AOL Host: Another comment and question from the member named SunSprite who says: "You coming out of the water in 'Bridget Jones' Diary' is the equivalent of Ursula Andress coming out of the water in her bikini, in my opinion. Do you realize how much of a sex symbol you are?" That was her saying that, not me, just to be clear.
Hugh Grant: You don't have to cover. It's pathetic calling yourself SunSprite. I'm thrilled to hear that, and delighted, and I did, of course, model the shot on Ursula Andress, and was planning to wear the same bikini, but they told me it was inappropriate for the role.
AOL Host: Do you think of yourself as a sex symbol? Do you find that people react to you in that way?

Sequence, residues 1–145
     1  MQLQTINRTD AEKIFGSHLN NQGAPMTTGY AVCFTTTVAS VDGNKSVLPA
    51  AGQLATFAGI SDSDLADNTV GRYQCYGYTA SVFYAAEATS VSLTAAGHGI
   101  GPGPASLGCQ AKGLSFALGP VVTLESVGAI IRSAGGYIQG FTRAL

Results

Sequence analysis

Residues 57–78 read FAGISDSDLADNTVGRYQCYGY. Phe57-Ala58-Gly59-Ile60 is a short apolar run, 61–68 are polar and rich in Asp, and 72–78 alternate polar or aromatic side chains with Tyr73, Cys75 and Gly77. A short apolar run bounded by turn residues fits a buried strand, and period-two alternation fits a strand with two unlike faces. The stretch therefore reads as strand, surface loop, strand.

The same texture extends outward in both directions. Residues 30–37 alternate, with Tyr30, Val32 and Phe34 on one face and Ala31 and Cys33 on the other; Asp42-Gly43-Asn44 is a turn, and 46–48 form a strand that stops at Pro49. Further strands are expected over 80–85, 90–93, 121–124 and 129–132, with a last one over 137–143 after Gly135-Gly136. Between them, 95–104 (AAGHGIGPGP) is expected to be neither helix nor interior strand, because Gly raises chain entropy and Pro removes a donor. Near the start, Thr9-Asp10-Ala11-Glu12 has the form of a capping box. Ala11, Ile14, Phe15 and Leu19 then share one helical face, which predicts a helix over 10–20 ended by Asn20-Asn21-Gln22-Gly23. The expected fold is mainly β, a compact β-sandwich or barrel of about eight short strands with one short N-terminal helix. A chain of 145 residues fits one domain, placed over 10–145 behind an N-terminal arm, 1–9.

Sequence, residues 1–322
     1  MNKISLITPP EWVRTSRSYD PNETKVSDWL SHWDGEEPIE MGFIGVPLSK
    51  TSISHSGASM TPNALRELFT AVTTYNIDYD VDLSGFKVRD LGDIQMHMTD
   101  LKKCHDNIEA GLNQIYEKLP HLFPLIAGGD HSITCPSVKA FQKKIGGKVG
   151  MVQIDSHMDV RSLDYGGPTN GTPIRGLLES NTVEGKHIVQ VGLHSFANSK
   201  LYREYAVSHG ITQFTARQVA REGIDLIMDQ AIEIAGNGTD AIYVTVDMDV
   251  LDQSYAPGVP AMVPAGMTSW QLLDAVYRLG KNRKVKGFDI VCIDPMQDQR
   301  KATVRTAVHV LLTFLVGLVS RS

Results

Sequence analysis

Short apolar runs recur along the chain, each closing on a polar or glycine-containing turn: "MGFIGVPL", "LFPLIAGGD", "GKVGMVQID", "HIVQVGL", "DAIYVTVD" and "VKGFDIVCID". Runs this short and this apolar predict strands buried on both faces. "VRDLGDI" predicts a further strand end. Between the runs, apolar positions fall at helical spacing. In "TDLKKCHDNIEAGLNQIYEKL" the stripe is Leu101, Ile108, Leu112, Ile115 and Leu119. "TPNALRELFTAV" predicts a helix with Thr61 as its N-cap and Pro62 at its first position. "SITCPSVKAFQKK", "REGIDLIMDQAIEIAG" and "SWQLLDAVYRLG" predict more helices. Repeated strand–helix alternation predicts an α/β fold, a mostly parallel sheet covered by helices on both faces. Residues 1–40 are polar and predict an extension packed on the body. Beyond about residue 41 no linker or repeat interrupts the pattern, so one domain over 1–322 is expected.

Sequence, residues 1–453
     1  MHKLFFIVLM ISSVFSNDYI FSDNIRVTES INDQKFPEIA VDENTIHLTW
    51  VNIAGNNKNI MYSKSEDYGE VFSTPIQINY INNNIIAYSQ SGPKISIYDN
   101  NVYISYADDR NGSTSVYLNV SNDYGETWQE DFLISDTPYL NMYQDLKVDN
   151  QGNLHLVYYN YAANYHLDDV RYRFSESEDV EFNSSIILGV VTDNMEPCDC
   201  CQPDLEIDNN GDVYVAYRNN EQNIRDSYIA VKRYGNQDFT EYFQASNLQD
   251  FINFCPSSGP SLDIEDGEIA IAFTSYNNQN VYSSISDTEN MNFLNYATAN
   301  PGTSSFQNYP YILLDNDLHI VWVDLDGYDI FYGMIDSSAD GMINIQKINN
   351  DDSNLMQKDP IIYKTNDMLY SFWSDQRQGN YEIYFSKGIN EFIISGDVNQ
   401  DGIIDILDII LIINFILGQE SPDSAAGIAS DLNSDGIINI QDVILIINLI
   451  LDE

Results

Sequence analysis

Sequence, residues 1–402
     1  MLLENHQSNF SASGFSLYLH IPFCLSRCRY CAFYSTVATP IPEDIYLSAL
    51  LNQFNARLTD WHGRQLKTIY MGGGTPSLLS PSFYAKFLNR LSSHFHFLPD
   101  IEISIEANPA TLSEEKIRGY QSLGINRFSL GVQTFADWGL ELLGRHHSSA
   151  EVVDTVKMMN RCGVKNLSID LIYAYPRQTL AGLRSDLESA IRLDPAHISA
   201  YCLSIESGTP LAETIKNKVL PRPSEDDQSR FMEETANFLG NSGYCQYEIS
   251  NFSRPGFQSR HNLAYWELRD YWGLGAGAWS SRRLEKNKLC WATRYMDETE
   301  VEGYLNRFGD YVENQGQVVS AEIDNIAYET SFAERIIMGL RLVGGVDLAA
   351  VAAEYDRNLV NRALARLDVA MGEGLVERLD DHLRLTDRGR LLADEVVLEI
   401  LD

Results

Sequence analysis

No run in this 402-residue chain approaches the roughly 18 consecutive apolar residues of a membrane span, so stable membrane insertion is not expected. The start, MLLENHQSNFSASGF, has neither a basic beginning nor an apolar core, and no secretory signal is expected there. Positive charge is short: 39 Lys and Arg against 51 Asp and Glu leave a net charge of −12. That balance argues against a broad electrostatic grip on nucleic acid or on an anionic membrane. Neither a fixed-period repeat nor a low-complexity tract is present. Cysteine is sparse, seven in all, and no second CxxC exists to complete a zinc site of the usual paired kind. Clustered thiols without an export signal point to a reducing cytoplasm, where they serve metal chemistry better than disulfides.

Hugh Grant: I find it very hard to think that way. But then I've seen myself naked, and... I don't know. I had this conversation yesterday with a bunch of women, including Bullock, and I... my theory is it's impossible to find oneself sexy in any way. Or if you do, you're slightly mad.
AOL Host: We have a question from a member who wants to know if you ever yearned to play a really nasty villain.
Hugh Grant: Well, the last three or four characters I've played have not been very nice. I suppose they've had redeeming characteristics. But in terms of an out-and-out villain, certainly I'd be delighted. I have no objection to being unpleasant, and no objection to being violent. In fact, I very much like the idea of shedding some blood.
AOL Host: Is doing comedy what makes you happiest, or do you wish you could do more serious dramatic roles?